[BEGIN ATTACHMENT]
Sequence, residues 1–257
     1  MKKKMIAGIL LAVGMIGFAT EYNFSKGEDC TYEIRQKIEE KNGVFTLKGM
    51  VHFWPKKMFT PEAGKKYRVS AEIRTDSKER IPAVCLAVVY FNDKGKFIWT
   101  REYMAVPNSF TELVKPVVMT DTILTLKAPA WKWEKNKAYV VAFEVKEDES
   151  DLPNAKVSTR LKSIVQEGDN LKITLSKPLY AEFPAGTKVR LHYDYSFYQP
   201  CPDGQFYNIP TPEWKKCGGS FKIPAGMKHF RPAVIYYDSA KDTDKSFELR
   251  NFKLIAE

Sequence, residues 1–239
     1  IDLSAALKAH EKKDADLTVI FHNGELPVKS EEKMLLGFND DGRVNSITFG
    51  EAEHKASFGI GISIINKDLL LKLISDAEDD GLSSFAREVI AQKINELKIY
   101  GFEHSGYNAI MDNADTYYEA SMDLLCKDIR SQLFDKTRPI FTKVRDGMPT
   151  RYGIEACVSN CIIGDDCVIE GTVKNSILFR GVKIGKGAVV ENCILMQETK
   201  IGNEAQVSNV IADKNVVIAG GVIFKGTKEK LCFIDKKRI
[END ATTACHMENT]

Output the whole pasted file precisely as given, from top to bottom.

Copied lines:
Sequence, residues 1–257
     1  MKKKMIAGIL LAVGMIGFAT EYNFSKGEDC TYEIRQKIEE KNGVFTLKGM
    51  VHFWPKKMFT PEAGKKYRVS AEIRTDSKER IPAVCLAVVY FNDKGKFIWT
   101  REYMAVPNSF TELVKPVVMT DTILTLKAPA WKWEKNKAYV VAFEVKEDES
   151  DLPNAKVSTR LKSIVQEGDN LKITLSKPLY AEFPAGTKVR LHYDYSFYQP
   201  CPDGQFYNIP TPEWKKCGGS FKIPAGMKHF RPAVIYYDSA KDTDKSFELR
   251  NFKLIAE

Sequence, residues 1–239
     1  IDLSAALKAH EKKDADLTVI FHNGELPVKS EEKMLLGFND DGRVNSITFG
    51  EAEHKASFGI GISIINKDLL LKLISDAEDD GLSSFAREVI AQKINELKIY
   101  GFEHSGYNAI MDNADTYYEA SMDLLCKDIR SQLFDKTRPI FTKVRDGMPT
   151  RYGIEACVSN CIIGDDCVIE GTVKNSILFR GVKIGKGAVV ENCILMQETK
   201  IGNEAQVSNV IADKNVVIAG GVIFKGTKEK LCFIDKKRI